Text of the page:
15. Structural Balance:Current Revenues vs. Current Spending • Spending exceeds revenues. • One-time solutions used to address ongoing budget gaps. • Projected improvement in budget tails.

  16. State Budget Structure • Approximately 126 “Funds” established in law (funds may be created by Constitution or Statute). • “All Funds” refers to the roughly 39 funds that support biennial operations. • General Fund is largest fund; required to be balanced, tends to be the focus of budget deliberations and of public-media attention. • Within Funds may be various Accounts, along with Programs, Activities, & lower levels of detail.

  17. Budget Overview

  18. Budget Overview

  19. Budget Overview

  20. Budget Overview

  21. Budget Overview

  22. Budget Overview

  23. Budget Overview

  24. State Tax Revenues Presented by: • Shelby McQuay • Fiscal Analyst • Shelby.McQuay@senate.mn • 651-296-5259

  25. Tax Committee Jurisdiction • All bills relating to taxes and tax aids and credits • The Budget Reserve • Tax Increment Financing • Fiscal Disparities • Payment in Lieu of Taxes (PILT) • Tax Court

  26. State Revenues, FY 2014-15 • All Funds = $65.7 billion in FY 2014-15 • General Fund = $35.8 billion in FY 2014-15 Based on the November 2012 Forecast

  27. General Fund Tax Revenues, by Type $33.8 billion for FY 2014-15 Based on the November 2012 Forecast

  28. Minnesota Miracle 2001 Reform FY 02FY 03 Income 29.7% 29.9% Sales 24.7% 26.0% PTX 29.3% 25.6% Other 16.2% 18.4% 53.6% 42.3% 31.9% 31.6% 26.5% 28.4% 22.4% 14.5% 19.9% 17.6% 11.4% 0.0% Source: Minnesota Department of Revenue and Price of Government, November 2012 History of Major Taxes (% Share)FY 1962-2015

  29. Minnesota Individual Income Tax Brackets • Proceeds go to the general fund - $17.44 billion in FY 14-15 • Starting point: Federal Taxable Income • Alternative Minimum Tax (AMT): Broader Tax Base and lower rate [6.4%] • Taxpayer pays whichever calculation results in a greater tax liability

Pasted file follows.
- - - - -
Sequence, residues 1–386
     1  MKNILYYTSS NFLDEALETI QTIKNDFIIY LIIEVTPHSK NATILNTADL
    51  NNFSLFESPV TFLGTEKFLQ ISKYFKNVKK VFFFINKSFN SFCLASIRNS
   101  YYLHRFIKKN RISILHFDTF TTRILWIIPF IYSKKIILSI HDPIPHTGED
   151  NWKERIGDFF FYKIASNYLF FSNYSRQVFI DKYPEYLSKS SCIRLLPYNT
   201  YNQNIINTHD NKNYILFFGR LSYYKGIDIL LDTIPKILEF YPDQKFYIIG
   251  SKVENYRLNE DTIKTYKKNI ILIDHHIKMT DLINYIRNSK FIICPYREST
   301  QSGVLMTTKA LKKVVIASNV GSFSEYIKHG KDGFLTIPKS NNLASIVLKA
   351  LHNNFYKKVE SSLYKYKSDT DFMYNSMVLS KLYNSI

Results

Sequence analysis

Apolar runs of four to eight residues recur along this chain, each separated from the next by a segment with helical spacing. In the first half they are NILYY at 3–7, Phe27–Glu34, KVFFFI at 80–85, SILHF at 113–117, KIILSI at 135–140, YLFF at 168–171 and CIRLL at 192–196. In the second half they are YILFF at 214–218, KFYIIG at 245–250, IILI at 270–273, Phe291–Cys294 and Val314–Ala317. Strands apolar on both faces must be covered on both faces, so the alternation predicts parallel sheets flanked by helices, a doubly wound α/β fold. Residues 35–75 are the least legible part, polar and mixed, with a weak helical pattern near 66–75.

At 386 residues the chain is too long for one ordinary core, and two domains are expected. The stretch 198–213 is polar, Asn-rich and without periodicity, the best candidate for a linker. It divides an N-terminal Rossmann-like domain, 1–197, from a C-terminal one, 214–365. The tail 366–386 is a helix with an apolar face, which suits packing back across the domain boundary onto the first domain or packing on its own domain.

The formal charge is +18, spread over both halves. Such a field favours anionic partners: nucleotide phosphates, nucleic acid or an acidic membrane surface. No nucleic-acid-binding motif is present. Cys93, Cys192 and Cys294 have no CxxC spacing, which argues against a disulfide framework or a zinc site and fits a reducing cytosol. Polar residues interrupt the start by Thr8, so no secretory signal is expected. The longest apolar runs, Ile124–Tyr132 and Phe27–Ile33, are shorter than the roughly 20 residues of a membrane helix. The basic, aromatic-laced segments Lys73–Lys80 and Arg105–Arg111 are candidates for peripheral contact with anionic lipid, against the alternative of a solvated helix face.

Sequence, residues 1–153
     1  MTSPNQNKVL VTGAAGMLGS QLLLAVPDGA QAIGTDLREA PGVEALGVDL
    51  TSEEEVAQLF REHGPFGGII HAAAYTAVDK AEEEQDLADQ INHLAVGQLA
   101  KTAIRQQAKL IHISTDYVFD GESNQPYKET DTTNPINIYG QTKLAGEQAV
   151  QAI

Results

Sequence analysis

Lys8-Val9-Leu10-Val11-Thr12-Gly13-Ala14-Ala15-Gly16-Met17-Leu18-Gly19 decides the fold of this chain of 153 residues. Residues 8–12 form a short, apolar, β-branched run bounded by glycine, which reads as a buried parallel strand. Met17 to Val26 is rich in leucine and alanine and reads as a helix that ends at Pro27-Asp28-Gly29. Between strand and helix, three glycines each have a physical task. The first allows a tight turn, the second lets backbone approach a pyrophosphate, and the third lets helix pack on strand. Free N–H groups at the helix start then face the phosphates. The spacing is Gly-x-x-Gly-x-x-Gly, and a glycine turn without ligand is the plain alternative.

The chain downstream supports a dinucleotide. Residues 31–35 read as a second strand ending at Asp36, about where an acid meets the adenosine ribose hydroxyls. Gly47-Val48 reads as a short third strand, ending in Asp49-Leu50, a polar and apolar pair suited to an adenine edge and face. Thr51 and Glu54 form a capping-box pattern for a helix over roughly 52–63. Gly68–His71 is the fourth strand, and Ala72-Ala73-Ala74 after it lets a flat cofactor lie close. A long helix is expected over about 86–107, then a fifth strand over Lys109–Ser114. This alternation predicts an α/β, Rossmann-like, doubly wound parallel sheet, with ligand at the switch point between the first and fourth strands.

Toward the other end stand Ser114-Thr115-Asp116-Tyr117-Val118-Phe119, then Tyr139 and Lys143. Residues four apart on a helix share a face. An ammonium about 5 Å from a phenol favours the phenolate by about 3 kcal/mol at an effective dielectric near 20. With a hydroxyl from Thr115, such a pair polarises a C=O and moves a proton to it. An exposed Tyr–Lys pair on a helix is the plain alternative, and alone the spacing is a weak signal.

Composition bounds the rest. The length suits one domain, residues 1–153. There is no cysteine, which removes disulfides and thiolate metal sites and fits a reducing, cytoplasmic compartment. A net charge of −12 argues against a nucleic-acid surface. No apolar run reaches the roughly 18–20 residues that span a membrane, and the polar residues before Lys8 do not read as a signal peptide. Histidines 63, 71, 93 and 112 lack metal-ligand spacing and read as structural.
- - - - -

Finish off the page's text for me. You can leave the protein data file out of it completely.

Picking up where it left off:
30. Corporate Franchise Tax • Proceeds go into the General Fund - $1.95 billion in FY 14-15 • Combined reporting for unitary groups • Beginning tax base: Federal Taxable Income • Tax is applied to the amount of income apportioned to Minnesota • Tax rate = 9.8% (AMT = 5.8%) • Minimum fee ($0-$5,000) Phase in of Sales Apportionment

  31. Other State Taxes • Sales and Excise Tax - $10.12 billion in FY 14-15 • Proceeds go to the General Fund and the Legacy Funds • General rate = 6.5% • Constitutional amendment rate = 0.375% • Total Rate = 6.875% • Certain purchases are subject to exemptions • Business, government and nonprofit also qualify for certain exemptions • Other State Taxes – $2.65 billion in FY 14-15 • Estate Tax • Insurance premium taxes • Cigarette and tobacco taxes and fees • Alcoholic beverage taxes • Mortgage registry tax • Deed transfer tax • Motor vehicles sales tax • Motor vehicles lease tax • Motor vehicles fuels tax • Minnesota care taxes

  32. State General Levy • Proceeds go to the General Fund - $1.68 billion in FY 14-15 • Tax levied on two types of properties: • 95% on Commercial Industrial (CI) • 5% on Seasonal Recreation Residential (SRR) property • $852 m in CY 2013; increases annually by an inflation factor